Take the 2-minute tour ×
Stack Overflow is a question and answer site for professional and enthusiast programmers. It's 100% free, no registration required.

Possible Duplicate:
Bind Vs Lambda?

My use of std::bind had dropped to 0 now that lambdas have gained wide support.

Are there any problems that std::bind is uniquely suited for over a lambda function?

Was there a compelling reason to keep std::bind in the standard once lambdas where added?

share|improve this question

marked as duplicate by Lightness Races in Orbit, ildjarn, Christian Rau, BalusC, ChrisF Nov 11 '11 at 22:57

This question has been asked before and already has an answer. If those answers do not fully address your question, please ask a new question.

2  
Bind can still be far more succinct than lambdas if the argument types are lengthy. –  ildjarn Nov 11 '11 at 1:06
1  
1  
They're still pretty orthogonal IMO. –  Lightness Races in Orbit Nov 11 '11 at 1:32
    
@TomalakGeret'kal: Could you expand on that? –  Kerrek SB Nov 11 '11 at 1:53

2 Answers 2

up vote 16 down vote accepted

You can capture by value or by reference, and the problem is that capture by value really means 'capture by copy'. This is a show stopper for a move-only type. So you can't use a lambda to do the following:

struct foo { void bar() {} };

std::unique_ptr<foo> f { new foo };
auto bound = std::bind(&foo::bar, std::move(f));
static_assert( std::is_move_constructible<decltype(bound)>::value, "" );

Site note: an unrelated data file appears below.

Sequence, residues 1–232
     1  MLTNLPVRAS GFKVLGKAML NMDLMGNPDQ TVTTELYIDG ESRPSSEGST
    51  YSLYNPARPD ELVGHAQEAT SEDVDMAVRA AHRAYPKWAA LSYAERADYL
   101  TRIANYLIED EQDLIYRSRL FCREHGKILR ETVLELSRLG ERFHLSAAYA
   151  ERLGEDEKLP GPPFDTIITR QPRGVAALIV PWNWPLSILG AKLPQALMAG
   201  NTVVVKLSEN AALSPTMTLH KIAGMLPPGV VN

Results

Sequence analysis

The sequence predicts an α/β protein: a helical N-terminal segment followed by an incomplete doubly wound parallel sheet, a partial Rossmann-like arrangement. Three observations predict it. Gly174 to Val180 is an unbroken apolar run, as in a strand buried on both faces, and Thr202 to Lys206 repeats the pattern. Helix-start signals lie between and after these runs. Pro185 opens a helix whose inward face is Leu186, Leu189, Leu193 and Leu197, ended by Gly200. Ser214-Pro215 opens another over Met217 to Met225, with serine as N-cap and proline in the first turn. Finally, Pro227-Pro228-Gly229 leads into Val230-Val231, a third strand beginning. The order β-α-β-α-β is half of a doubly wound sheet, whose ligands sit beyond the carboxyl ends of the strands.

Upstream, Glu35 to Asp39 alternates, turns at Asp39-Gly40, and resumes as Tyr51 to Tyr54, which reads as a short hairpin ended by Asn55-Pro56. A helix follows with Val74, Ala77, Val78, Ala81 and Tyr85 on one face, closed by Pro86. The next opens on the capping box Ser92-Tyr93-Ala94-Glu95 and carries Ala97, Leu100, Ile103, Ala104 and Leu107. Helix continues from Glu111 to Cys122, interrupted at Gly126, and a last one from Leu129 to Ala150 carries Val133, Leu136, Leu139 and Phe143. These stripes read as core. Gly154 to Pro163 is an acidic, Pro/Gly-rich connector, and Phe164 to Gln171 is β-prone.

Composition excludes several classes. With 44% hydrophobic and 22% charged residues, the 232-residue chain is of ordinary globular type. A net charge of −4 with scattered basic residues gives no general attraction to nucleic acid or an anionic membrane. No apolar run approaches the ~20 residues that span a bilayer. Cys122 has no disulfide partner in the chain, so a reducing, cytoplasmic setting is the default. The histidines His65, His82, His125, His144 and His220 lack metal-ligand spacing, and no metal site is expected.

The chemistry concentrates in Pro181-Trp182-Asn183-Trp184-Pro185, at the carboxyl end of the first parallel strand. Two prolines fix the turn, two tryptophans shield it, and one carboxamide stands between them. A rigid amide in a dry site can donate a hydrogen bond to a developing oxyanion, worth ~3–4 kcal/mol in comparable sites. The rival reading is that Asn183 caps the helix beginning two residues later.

bound();

IIRC the Standard Committee briefly considered allowing arbitrary expression inside a lambda capture list to solve this (which could look like [std::move(f)] { return f.bar(); }), but I don't think there was a solid proposal and C++11 was already running late.

That and the restriction to monomorphic behaviour with lambdas are the deal breakers for me.

share|improve this answer
1  
Nice example! Does the bind object end up owning the dynamic foo object? Does it itself become non-copyable? –  Kerrek SB Nov 11 '11 at 1:48
    
@KerrekSB Absolutely, on both accounts. –  Luc Danton Nov 11 '11 at 1:52
    
@Luc great example, I was looking for exactly this. My remaining issue is that that bind expression can't be assigned to std::function<void()>. It can without the unique_ptr and the move though. Is there a way to pass that bind as a callback to another function? (The intention is that the callback owns the object, and deletes it once the callback itself is destroyed). –  Joao da Silva Jan 25 '12 at 20:23
    
@Joao I have my own personal polymorphic function wrapper that, unlike std::function, doesn't require the types it wraps to be copy constructible but only that they be move constructible. AFAIK there's no solution available out of the box right now -- I remember some discussion for such a utility on the Boost mailing lists, but nothing has been written now. –  Luc Danton Jan 26 '12 at 9:47

bind is great for creating references to bound member function:

Foo x;
auto f = std::bind(&Foo::bar, &x, 12, true);
register_callback(f);

Edit: As Luc Danton demonstrates, this construction is very flexible and allows for the instance pointer to come in a surprising variety of guises (e.g. smart pointers).[/]

If feasible, a lambda is probably preferable, especially since it offers greater potential for optimization, but bind-expressions still have their place.

(In any event, auto is preferable over std::function for the type to store the callable object.)

share|improve this answer
1  
bind is great but lambdas are better. This auto f = [&x](){ return x.bar( 12, true ); }; is pretty succinct. So again, when would std::bind be preferred? –  deft_code Nov 11 '11 at 1:17
    
@deft_code: Hmm... bind fills in the placeholders at the end (my f could still take plenty of arguments), so perhaps that's cleaner when the bind expression is part of a template somewhere. But it's a good question! –  Kerrek SB Nov 11 '11 at 1:26

Not the answer you're looking for? Browse other questions tagged or ask your own question.